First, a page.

Click on images to enlarge
climbing habit (Photo: Sheldon Navie)
older woody stem with tendrils (Photo: Sheldon Navie)
the compound leaves with three or five leaflets (Photo: Sheldon Navie)
immature fruit (Photo: Sheldon Navie)
mature fruit (Photo: Sheldon Navie)
close-up of mature fruit, with reddish stem and leaf during autumn (Photo: Sheldon Navie)
Parthenocissus quinquefolia (L.) Planch.
American ivy, Boston ivy, five leaved ivy, five-leaf ivy, Japanese ivy, Virginia creeper, woodbine
Native to North America (i.e. Canada, the USA and Mexico) and Central America (i.e. Guatemala).
Naturalised in some parts of eastern Australia (i.e. in south-eastern Queensland and in the coastal districts of central and northern New South Wales).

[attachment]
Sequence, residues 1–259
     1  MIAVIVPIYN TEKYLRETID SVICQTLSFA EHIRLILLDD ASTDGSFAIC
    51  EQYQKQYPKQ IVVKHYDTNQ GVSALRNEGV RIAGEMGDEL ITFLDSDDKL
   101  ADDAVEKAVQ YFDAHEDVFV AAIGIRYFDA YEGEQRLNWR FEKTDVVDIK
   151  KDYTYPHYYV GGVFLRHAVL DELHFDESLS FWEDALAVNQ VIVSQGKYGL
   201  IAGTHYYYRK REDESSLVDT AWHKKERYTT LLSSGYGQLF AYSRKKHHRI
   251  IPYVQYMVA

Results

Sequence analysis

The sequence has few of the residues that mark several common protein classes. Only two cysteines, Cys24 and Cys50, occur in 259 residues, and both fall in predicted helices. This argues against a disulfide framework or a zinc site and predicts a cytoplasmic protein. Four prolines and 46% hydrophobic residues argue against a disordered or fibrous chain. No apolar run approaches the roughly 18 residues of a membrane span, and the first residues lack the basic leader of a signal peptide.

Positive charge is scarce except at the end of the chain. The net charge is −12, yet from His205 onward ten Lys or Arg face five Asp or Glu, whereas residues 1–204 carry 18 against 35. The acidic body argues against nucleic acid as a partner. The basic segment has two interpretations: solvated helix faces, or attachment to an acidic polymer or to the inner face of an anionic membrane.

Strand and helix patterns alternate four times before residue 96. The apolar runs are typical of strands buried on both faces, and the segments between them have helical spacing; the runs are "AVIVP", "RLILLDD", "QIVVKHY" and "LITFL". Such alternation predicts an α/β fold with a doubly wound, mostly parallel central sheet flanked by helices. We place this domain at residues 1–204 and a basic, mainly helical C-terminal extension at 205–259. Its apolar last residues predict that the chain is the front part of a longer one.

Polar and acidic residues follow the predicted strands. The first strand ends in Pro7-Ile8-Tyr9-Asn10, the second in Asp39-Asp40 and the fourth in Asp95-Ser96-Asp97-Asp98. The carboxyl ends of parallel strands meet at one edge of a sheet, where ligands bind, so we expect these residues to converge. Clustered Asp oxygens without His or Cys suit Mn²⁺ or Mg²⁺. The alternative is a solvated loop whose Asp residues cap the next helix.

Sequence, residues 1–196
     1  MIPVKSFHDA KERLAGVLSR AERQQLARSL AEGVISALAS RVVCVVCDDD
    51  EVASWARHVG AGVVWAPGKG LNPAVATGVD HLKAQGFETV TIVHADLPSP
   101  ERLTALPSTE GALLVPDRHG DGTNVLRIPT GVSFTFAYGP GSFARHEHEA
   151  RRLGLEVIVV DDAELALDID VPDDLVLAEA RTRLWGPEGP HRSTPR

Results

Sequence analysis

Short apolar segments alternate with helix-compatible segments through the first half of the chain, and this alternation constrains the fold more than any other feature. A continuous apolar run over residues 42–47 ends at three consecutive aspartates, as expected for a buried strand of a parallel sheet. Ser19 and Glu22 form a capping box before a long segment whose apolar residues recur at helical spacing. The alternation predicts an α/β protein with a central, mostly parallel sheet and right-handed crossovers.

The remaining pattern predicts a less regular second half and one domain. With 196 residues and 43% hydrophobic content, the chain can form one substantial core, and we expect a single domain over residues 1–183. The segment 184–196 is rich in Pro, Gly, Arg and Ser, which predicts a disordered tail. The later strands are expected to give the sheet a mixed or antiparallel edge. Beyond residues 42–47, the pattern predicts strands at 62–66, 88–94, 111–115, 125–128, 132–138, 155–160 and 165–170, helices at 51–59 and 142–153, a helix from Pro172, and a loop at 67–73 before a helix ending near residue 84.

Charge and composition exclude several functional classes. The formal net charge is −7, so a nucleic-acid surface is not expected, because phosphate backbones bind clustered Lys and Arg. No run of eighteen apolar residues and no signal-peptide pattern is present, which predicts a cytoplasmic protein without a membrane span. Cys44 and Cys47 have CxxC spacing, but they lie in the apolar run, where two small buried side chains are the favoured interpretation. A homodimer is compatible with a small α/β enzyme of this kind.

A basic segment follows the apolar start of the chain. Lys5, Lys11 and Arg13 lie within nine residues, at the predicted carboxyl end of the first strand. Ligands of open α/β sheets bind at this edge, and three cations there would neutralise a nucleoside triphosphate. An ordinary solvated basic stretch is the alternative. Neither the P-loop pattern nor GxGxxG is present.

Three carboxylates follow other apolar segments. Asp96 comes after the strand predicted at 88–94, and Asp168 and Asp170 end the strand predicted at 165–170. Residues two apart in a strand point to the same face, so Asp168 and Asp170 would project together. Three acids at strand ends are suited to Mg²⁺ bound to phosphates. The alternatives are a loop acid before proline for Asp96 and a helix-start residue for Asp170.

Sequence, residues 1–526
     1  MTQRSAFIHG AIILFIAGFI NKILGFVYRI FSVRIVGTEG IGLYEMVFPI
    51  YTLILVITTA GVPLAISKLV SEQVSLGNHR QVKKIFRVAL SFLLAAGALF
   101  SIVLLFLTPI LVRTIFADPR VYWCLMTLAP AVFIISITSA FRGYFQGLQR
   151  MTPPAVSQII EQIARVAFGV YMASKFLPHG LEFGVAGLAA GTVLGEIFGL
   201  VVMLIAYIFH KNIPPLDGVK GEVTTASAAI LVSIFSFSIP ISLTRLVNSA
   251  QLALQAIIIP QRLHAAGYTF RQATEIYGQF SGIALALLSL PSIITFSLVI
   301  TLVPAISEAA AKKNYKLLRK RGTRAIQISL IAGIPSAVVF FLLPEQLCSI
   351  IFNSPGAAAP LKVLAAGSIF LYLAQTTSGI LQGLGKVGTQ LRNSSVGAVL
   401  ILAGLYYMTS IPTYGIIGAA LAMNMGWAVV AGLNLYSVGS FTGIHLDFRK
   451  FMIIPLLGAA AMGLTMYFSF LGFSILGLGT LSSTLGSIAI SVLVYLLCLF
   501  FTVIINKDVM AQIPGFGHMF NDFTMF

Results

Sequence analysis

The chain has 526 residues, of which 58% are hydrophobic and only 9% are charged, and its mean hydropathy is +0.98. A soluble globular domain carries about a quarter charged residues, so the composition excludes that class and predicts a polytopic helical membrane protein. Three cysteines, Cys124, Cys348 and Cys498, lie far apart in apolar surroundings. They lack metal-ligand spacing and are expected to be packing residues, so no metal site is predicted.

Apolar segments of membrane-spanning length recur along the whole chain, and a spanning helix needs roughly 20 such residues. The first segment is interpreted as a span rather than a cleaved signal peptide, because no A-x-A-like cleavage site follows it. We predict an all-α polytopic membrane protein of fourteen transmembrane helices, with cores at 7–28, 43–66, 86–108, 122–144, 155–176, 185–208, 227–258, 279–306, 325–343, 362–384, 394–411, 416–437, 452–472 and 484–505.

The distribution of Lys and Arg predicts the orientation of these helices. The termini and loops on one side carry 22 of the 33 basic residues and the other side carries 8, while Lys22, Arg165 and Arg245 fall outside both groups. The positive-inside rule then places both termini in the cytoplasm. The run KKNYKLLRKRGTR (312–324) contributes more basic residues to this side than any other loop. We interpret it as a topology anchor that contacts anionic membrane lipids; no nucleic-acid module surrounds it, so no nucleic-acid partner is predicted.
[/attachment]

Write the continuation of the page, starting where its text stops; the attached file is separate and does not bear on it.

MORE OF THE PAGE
Virginia creeper (Parthenocissus quinquefolia) is regarded as an environmental weed in New South Wales and as a "sleeper weed" in other parts of Australia. It is commonly grown as an ornamental creeper and occasionally escapes gardens to become naturalised in nearby bushland areas.
It is probably most commonly naturalised in the Sydney area and is listed as an environmental weed in the wider Sydney and Blue Mountains region. It has been recorded from urban bushland in the Hornsby Plateau region and is listed as a nuisance plant in Ku-ring-gai Council.